It must have been obvious to every captain in the fleet that the manoeuvre was an exceedingly dangerous one – yet every ship, with the sole exception of the Camperdown, went “close up” with her answering pennant in full acknowledgment of the signal (it was – and still is – standard practice to keep the answering pennant “at the dip” if the signal is not understood).
Camperdown, being the leading ship in her column, repeated the hoist, but Rear Admiral Markham – aboard her – ordered the repeated hoist to be kept at the dip, signifying that he did not understand the signal. At the same time he ordered that a semaphore signal to the flagship should be made indicating that he did not understand the flagship’s signal.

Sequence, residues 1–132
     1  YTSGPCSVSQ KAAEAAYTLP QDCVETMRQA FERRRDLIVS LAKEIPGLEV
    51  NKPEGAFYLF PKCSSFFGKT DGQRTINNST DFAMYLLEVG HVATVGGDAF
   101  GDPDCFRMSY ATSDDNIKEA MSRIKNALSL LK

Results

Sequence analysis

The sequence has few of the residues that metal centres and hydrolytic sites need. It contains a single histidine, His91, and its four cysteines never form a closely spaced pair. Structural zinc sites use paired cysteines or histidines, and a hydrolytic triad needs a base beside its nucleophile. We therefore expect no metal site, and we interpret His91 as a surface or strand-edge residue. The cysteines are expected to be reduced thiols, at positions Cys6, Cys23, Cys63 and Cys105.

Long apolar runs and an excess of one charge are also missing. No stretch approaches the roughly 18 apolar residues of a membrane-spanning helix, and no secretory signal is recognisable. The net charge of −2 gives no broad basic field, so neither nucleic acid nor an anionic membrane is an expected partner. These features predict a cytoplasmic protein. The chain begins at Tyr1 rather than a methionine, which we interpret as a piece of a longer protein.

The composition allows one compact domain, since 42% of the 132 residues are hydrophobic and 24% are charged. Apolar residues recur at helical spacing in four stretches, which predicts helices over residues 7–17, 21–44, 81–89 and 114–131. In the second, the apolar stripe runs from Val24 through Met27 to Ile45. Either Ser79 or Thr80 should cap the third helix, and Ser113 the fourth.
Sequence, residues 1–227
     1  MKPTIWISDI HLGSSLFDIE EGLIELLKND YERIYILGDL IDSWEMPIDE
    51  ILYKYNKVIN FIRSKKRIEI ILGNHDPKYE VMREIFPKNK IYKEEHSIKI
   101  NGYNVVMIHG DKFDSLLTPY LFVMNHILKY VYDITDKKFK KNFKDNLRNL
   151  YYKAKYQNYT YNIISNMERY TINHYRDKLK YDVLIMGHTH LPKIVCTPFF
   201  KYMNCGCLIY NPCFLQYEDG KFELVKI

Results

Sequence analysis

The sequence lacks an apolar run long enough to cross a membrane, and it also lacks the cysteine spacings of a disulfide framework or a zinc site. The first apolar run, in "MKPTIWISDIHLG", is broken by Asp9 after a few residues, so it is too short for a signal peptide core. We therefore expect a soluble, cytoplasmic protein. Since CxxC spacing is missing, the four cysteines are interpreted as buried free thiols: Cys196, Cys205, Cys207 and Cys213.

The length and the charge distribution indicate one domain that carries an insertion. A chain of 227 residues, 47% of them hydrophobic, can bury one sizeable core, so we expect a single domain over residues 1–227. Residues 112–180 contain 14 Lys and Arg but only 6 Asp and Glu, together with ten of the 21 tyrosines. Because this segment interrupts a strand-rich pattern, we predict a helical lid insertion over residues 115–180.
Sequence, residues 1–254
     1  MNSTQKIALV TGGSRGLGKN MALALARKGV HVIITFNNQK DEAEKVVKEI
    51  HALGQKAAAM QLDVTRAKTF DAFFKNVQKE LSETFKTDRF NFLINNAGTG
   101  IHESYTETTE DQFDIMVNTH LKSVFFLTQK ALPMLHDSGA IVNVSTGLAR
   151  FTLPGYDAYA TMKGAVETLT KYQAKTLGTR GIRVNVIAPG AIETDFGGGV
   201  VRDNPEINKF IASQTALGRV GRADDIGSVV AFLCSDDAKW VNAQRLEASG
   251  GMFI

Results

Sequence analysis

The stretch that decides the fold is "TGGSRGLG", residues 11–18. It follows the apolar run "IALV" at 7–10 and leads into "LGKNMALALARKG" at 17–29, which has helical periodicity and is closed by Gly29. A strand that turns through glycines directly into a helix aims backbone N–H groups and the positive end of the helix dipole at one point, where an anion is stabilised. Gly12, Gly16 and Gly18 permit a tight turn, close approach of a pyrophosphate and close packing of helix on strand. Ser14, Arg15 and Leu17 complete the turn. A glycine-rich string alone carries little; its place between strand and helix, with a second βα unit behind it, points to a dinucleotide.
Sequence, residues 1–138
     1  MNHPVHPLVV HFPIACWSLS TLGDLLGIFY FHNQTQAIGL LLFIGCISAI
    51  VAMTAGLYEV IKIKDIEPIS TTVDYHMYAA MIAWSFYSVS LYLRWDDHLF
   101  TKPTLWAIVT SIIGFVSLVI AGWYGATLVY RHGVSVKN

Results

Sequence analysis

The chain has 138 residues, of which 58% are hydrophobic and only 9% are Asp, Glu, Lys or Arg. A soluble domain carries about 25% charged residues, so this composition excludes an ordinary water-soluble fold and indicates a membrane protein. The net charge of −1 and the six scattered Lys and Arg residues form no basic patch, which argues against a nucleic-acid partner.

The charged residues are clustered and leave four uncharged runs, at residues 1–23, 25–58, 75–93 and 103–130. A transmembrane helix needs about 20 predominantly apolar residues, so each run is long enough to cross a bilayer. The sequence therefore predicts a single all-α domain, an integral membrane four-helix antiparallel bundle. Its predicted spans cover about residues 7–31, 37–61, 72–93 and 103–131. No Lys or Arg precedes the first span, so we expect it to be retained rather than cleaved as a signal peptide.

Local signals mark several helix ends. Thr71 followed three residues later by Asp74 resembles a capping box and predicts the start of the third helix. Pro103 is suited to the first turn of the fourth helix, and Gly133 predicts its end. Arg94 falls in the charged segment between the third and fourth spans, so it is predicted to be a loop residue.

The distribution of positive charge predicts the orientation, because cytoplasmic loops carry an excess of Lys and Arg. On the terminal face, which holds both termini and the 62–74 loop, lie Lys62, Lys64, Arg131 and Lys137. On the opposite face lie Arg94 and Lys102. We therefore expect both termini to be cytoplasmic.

However, the semaphore was never sent. Admiral Tryon – “ever impatient” – ordered Camperdown’s pennants to be shown, an expression of impatience which no officer would like, and sent a semaphore signal of his own saying “What are you waiting for?” Rear Admiral Markham, seeing this and having complete confidence in his superior officer, thought that Admiral Tryon would solve the problem somehow. He therefore had his own semaphore cancelled and ordered that the repeated signal be hoisted close up.
At the subsequent court-martial Markham was questioned as to why, given that he knew the intended manoeuvre was dangerous – if not impossible, he had allowed the repeated signal to be hoisted close up? He answered that he had such faith in Admiral Tryon that he thought that he must have some trick up his sleeve.